Student-founded Zoni Foods reinvents frozen meals for millennials

The fresh-food-based company offers all vegetarian options that can be cooked on the stove in 15 minutes.
The two founders of Zoni Foods pose with a bowl containing one of their meals.
Zoe Lloyd and Nilofer Ahmed, founders of Zoni Foods, met during a "speed dating" event at the Entrepreneurship Club at Yale School of Management.

Zoni Foods was born from a chance encounter at the Entrepreneurship Club at Yale School of Management.

Nilofer Ahmed (SOM ’16) had gone to a “speed dating” event meant to connect students like her, who were interested in working with a startup, to students who were interested in launching new ventures. Ahmed had expressed an interest in food and agriculture and was connected with Zoe Lloyd (SOM/FES ’17) who had an idea for a fresh-food-based meal kit that catered to busy young professionals like her.

I wanted to have fresh food but in a meal kit that was already prepped,” Lloyd says.

Ahmed adds: “USDA research shows that many parts of the country are better off buying frozen than fresh because the food is picked when it is fresh — when nutrients are at their highest — and then immediately frozen to prevent degradation.”

Zoni Foods got in front of pitch competitions, including an event held by the Yale SOM Private Equity and Venture Capital Symposium, where judges found them to have the most credible business proposal, and participated in the Project Entrepreneur Weekend Intensive, which provides training for women entrepreneurs and is run by Rent the Runway, a startup co-founded by Yale alum Jennifer Fleiss.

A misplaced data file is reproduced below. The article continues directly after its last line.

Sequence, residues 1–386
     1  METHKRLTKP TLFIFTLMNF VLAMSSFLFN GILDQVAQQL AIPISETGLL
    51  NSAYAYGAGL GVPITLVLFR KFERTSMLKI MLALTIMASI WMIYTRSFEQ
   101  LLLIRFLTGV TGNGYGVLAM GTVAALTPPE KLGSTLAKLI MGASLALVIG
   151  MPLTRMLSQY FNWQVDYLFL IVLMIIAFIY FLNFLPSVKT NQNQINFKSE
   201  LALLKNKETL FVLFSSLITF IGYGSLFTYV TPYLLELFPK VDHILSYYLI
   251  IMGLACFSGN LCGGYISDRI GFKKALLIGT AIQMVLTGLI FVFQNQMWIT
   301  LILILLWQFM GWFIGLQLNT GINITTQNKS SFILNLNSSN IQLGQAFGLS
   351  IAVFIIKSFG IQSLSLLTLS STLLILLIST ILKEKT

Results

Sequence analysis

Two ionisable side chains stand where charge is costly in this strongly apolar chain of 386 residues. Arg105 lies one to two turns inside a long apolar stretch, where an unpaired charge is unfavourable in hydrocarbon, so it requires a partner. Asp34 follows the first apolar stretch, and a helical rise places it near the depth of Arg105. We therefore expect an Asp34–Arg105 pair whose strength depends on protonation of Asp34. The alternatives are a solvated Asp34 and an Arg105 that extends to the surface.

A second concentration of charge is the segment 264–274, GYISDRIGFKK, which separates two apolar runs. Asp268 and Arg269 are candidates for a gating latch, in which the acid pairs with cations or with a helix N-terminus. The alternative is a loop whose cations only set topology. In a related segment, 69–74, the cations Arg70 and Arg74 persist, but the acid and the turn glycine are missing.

The meal kits are unique on a couple fronts: They are all-vegetarian and very healthy (options include spiralized sweet potato with cashew-garlic alfredo sauce with lentil-kale mushroom fritters), and the meals cook on the stove in one pan in under 15 minutes, not in the microwave. “It’s something you can feel good about,” Lloyd says, “you’re cooking.” As an added bonus, wine and beer pairings are included on the back of the box.

The new take on frozen food has gotten them notice — and funding. In 2017, the startup won the Sabin Sustainable Venture Prize from the Yale Center for Business and the Environment, and that got them entry into the Summer Fellowship at the Yale Entrepreneurial Institute. They’ve relied on key advisers and mentors along the way, including SOM professor Maureen Burke (SOM ’97) who teaches on topics related to business and the environment, and Denis Ring (SOM ’84), who was responsible for launching the Whole Foods 365 product line. They’ve also turned to other Yale food startups like Chops Snacks and Verb for advice.

There’s a benefit to Yale having a young entrepreneurial network,” says Ahmed. “People are very receptive and adaptive to support whatever your needs are.”

Adds Lloyd: “We’re tighter than other schools — those interactions are more valuable.”

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